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Decadal Prediction Over the Americas: Atlantic vs Pacific Processes

The relationship between sea surface temperatures (SST) and North American hydroclimate (NAH) has been the subject of much research in the past decade. Independent research and coordinated efforts such as the US CLIVAR Drought Working Group have shown in idealized experiments that low frequency internal modes of sea surface temperature variability in the Atlantic and Pacific oceans interact and influence persistent droughts and pluvials over portions of North America. Concurrently, climate modelers have recognized that accurate predictions of near term (10-30 year) climate change will require accurate simulation of these internal modes of variability in addition the committed warming and greenhouse gas forcing. Appropriately, a major component of the upcoming-coupled model inter-comparison (CMIP5) for the fifth assessment report to the IPCC will be decadal climate predictions to assess the ability of climate models to capture and simulate near term climate change. The decadal predictions will give insight into the combined effects of internal variability in the oceans and the external forcing on the potential predictability of near term climate variability, but the relative contributions of individual basins remains untested in the coupled model framework. The proposed work seeks to identify the individual contributions of internal and forced climate variability to the potential predictability of Pacific and Atlantic variability, and the relative influence of these basins on NAH. Our hypothesis is that observed NAH is driven by complimentary processes in the Pacific and North Atlantic and is predictable beyond lead times of one year. To test this we propose three main objectives:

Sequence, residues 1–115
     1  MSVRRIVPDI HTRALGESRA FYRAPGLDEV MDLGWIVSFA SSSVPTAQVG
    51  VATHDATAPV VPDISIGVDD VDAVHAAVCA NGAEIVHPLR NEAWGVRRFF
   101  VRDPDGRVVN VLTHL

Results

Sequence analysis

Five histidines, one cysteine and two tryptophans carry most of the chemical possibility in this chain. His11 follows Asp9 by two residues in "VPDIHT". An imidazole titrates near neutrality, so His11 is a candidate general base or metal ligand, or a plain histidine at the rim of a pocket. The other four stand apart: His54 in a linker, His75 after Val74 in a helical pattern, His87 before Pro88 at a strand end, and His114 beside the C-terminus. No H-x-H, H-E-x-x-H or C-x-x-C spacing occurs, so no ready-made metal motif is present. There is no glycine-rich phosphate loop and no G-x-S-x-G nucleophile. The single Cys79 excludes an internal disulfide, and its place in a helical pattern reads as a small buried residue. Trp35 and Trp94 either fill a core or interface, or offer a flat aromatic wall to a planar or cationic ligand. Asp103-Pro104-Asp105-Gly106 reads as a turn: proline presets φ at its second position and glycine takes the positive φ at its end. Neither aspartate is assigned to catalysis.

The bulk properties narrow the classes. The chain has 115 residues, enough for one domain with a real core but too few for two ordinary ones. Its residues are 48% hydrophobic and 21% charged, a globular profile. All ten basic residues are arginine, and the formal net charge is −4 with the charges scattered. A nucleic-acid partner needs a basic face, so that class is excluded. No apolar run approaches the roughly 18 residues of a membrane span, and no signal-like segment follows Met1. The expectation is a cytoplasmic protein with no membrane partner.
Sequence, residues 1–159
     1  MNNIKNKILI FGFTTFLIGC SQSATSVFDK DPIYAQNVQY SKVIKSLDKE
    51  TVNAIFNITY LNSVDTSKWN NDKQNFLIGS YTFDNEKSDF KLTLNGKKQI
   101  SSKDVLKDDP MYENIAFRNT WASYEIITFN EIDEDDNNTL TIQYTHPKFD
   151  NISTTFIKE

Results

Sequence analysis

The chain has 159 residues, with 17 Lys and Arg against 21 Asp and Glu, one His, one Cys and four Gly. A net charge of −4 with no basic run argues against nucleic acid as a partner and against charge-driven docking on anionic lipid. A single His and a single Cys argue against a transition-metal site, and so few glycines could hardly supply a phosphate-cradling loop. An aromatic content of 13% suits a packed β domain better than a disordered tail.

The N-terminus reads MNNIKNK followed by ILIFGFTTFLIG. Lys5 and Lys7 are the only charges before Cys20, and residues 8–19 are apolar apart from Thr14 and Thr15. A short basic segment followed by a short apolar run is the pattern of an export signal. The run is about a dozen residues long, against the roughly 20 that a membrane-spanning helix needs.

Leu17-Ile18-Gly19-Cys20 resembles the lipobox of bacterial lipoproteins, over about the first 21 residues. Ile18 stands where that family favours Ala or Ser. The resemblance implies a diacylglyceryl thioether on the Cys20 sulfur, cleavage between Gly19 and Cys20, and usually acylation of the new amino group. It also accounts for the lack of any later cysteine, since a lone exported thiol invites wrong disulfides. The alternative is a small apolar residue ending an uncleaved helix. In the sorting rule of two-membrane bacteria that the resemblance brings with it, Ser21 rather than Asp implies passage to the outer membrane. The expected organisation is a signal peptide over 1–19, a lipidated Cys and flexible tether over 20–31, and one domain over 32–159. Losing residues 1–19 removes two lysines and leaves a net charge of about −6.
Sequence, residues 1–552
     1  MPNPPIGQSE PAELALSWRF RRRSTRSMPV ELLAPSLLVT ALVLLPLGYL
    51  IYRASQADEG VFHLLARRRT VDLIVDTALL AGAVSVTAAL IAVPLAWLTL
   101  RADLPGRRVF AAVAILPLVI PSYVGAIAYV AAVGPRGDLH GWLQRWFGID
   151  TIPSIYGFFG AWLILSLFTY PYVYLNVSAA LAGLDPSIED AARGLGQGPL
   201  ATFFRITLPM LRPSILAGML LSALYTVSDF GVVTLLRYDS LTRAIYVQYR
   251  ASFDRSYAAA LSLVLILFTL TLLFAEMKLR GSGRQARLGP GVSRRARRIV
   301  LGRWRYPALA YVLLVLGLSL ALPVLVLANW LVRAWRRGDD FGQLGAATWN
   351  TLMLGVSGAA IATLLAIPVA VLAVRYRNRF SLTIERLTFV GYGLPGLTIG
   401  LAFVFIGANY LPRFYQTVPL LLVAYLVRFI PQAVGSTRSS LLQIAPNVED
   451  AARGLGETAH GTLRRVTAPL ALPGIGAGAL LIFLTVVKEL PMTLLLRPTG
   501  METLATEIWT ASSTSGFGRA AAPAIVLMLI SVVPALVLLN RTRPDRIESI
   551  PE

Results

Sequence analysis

Objective 1: Assess the potential predictability of the observed natural Atlantic and Pacific variability separately and quantify the influence of inter-basin interactions and external forcing on variability in each basin. 

Objective 2: Assess the potential predictability of observed North American hydroclimate and identify the relative influence of natural variability in the Pacific and Atlantic and the GHG forcing. 

Objective 3: Perform a thorough diagnostic study of the CMIP5 control, 20th Century, and near term climate projections to determine the ability of dynamical models to simulate observed decadal SST variability and predict North American hydroclimate with a focus on Pacific versus Atlantic processes. 

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